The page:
Forecasting convective rain events in late May

Linus Magnusson
Ivan Tsonevsky
Tim Hewson


During most of May 2018, northern Europe experienced a heat wave. The intensity and spatial extent of the event are evident in the monthly mean air temperature summary maps provided by the Copernius Climate Change Service implemeted by ECMWF ( Many records for May average temperature were broken. For Stockholm, where temperature records go back to 1759, the monthly average temperature reached 16.1°C, which is 2.2°C higher than the previous record of 13.9°C, the Swedish national meteorological service reported. The hottest days were at the end of May and continued into the first days of June. In the warm and humid air and with generally weak synoptic-scale forcing over north-western Europe, severe convective systems developed during these days. Global forecasting systems can struggle to capture such relatively small-scale systems. Here we look at the usefulness of different ECMWF products for this type of event. We will focus on 29 May, when extreme rain and flash floods affected parts of Germany, the Netherlands, Belgium and France, where Paris was hit by intense rainfall. Severe thunderstorms were accompanied by other convective hazards, including large hail, strong winds and lightning.

In global forecasting systems, heavy convective rain events are usually associated with low forecast probabilities due to the high spatial variability of precipitation and uncertainties in convective initiation. As a result, the total precipitation Extreme Forecast Index (EFI) generally provides weak signals of extreme rain even in short-range forecasts in such situations. This was the case with the forecasts for 29 May over Germany. The predictability of heavy rain events in Belgium and the Netherlands was higher, with positive Shift of Tails (SOT) in the medium range, indicating that at least 10% of ensemble members were predicting extreme rainfall. On the other hand, the model is usually quite good at predicting the favourable environment for deep moist convection well in advance. In the case presented here, the CAPE EFI, for example, gave a much stronger signal for convective hazards throughout the short and medium range than the EFI for total precipitation.

Rainfall and CAPE predictions. The plots show 24-hour observed precipitation between 29 May 06 UTC and 30 May 06 UTC (top left); cumulative distribution functions for raw ensemble and ecPoint-Rainfall forecasts over Paris starting at 00 UTC on 25 May for 12 UTC on 29 May to 00 UTC on 30 May (top right); EFI and SOT of total precipitation for 29 May in the forecast from 25 May 00 UTC (bottom left); and EFI and SOT for CAPE for 29 May in the forecast from 25 May 00 UTC (bottom right).

ECMWF’s recently developed ecPoint-Rainfall product uses an innovative post-processing method to account for sub-grid variability and weather-dependent biases in rainfall totals (Newsletter No. 153, autumn 2017). For cases of severe convection, this product should increase probabilities for extreme rainfall and also for no rainfall, compared to the grid-box average probabilities provided by raw model output. In the case of Paris on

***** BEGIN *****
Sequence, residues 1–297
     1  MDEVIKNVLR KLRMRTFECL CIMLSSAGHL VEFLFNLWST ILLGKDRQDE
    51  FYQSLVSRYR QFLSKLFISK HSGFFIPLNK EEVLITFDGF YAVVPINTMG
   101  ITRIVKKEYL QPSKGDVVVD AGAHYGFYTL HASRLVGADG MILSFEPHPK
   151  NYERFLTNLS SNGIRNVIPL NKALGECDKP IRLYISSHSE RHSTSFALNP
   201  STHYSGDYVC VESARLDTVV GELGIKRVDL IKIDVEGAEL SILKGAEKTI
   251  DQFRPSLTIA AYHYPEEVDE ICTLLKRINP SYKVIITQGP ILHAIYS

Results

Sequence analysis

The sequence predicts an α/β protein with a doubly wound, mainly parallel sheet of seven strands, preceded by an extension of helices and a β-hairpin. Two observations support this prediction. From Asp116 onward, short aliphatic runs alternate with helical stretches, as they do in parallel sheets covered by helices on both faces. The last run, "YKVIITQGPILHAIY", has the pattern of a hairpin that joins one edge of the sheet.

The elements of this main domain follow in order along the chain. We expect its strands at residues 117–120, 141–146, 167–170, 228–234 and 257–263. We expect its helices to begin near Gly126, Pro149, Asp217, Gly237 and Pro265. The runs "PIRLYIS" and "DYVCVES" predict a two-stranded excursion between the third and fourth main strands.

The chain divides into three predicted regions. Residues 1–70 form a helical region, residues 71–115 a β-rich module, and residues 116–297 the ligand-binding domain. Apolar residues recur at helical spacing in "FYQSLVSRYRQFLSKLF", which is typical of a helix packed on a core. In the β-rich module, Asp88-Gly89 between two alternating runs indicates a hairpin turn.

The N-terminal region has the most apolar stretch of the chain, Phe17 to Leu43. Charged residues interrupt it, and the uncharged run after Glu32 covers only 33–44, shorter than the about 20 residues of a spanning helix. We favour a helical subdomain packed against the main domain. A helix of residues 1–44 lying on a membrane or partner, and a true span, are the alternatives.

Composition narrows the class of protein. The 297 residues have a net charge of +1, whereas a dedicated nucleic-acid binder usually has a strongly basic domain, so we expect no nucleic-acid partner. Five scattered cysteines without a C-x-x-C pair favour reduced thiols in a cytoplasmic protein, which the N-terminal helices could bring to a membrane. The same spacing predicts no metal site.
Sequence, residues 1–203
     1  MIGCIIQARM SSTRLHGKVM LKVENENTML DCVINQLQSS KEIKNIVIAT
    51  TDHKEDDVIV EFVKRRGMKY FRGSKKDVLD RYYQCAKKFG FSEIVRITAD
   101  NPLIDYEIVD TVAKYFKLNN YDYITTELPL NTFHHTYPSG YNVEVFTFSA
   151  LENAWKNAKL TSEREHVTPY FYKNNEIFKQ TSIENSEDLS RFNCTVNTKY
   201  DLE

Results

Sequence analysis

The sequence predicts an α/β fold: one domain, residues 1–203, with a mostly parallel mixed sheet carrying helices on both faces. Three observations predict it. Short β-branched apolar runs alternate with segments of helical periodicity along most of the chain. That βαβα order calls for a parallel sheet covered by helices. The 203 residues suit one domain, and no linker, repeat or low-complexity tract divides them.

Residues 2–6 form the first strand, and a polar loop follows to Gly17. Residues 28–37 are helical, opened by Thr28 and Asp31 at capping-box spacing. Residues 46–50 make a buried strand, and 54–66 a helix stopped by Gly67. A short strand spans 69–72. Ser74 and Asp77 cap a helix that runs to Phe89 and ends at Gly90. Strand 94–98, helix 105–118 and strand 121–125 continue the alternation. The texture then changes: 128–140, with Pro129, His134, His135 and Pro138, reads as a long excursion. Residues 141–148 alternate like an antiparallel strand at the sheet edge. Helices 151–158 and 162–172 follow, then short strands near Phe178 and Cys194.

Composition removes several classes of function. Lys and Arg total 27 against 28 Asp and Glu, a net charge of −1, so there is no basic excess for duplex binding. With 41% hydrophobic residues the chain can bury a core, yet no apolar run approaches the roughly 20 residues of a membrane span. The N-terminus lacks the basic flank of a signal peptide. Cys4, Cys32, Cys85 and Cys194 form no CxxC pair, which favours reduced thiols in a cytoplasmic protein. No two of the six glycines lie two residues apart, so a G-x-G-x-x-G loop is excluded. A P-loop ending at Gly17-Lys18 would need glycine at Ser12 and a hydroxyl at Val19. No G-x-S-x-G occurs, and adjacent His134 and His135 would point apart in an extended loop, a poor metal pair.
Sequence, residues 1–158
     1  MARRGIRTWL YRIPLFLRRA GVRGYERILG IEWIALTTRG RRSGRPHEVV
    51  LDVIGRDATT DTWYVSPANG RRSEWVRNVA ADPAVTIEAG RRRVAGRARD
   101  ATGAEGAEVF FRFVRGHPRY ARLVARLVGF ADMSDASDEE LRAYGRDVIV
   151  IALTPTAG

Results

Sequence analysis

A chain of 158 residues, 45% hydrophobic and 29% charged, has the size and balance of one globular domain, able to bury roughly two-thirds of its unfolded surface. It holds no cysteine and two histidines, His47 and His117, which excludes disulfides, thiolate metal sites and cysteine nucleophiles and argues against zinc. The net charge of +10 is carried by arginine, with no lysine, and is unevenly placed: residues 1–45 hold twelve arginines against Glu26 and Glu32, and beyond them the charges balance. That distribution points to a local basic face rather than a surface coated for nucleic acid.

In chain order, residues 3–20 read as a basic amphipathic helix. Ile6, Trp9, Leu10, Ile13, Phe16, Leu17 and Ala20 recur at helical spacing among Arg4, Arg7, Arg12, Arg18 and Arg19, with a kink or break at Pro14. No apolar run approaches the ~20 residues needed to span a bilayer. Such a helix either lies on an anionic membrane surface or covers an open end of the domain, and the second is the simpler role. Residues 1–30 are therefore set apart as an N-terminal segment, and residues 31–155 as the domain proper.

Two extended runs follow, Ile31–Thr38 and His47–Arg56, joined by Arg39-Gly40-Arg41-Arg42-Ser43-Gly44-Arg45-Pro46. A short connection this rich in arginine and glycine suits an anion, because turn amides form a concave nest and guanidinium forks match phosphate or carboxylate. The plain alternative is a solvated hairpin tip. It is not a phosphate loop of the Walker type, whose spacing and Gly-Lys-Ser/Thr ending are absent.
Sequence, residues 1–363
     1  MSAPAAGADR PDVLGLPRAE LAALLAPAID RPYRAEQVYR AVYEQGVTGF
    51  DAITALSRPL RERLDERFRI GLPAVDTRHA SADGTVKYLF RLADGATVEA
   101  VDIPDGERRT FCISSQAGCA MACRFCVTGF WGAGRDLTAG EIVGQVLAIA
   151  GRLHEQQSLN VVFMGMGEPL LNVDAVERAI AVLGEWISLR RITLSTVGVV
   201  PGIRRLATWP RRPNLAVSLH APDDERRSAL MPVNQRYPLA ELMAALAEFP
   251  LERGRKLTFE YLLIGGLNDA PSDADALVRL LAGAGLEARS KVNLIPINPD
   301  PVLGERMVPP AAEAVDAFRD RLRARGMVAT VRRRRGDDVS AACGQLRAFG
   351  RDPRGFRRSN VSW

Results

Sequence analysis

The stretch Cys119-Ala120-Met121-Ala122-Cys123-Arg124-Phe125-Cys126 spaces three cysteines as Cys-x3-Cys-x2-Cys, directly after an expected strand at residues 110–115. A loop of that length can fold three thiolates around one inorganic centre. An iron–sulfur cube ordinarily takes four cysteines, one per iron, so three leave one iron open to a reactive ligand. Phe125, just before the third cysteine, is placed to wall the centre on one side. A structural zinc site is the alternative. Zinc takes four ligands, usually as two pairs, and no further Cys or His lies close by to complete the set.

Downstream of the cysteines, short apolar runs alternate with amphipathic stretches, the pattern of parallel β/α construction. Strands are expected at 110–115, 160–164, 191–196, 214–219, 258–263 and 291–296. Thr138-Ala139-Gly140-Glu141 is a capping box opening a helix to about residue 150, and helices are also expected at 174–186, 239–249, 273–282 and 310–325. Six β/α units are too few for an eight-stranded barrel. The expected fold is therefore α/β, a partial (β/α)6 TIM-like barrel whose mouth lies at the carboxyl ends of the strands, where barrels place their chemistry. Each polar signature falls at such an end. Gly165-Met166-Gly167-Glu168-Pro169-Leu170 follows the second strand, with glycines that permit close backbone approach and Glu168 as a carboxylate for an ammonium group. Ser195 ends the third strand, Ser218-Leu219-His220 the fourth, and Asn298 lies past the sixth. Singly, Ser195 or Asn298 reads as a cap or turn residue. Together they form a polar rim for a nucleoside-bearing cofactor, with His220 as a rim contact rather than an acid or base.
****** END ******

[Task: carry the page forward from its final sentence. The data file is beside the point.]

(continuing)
29 May, observations of 24-hour rainfall ranged from less than 5 mm to more than 30 mm within the metropolitan area, most of which fell during the afternoon. The raw ensemble from 5 days before (25 May) indicated a maximum possible value of 13 mm/12 hours (as a grid-box average), while the post-processed ecPoint product indicated that point rainfall above 30 mm/12 hours was possible (forecasts valid for 12 UTC on 29 May to 00 UTC on 30 May).

Lightning density forecasts. Lightning density from the UK Met Office ATDnet lightning detection network in flashes per 100 km2 per day from 29 May (top left); probability of lightning density greater than 10 flashes per 100 km2 per day in the 5-day forecast from 25 May (top right); and lightning density (# flashes per 100 km2 per day) over north-western Europe (45°N–55°N, 0°E–10°E) on 29 May as predicted by forecasts from different initial times (bottom). The box-and-whisker symbols show the 1st, 10th, 25th, 75th, 90th and 99th percentiles.

The convection over north-western Europe on 29 May was also associated with intense lightning activity. ECMWF has recently implemented a new parametrization of lightning density (Newsletter No. 155, spring 2018). For the case of 29 May, probabilities of intense lightning in the 5-day forecast from 25 May highlighted the risk over Belgium, Germany and the Netherlands. Note that ATDnet (used here for verification) detection efficiency is much higher for cloud-to-ground (CG) flashes than for intracloud (IC) flashes, whilst the forecast lightning density accounts for both CG and IC discharges, hence we do not expect a perfect match between predicted and observed quantities. Summarising all lightning forecasts valid for 29 May over western Europe (45°N–55°N, 0°E–10°E) in one plot, we find that as early as 10 days before the event the ensemble had a clear signal, with the ensemble median above the 90th percentile of the model climate, and the signal was consistent in all subsequent ensembles.

In summary, ECMWF forecasts captured the risk of thunderstorms in western Europe more than a week in advance. The high predictability was linked to the ability to predict the large-scale environment in which the convective storms developed. Indices such as CAPE and lightning density forecasts are expected to give good guidance on regions likely to be affected by convective hazards. By contrast, there is low predictability for the location and timing of individual convective cells and associated precipitation, although the point rainfall product can better reflect the range of probabilities at particular points than the raw ensemble.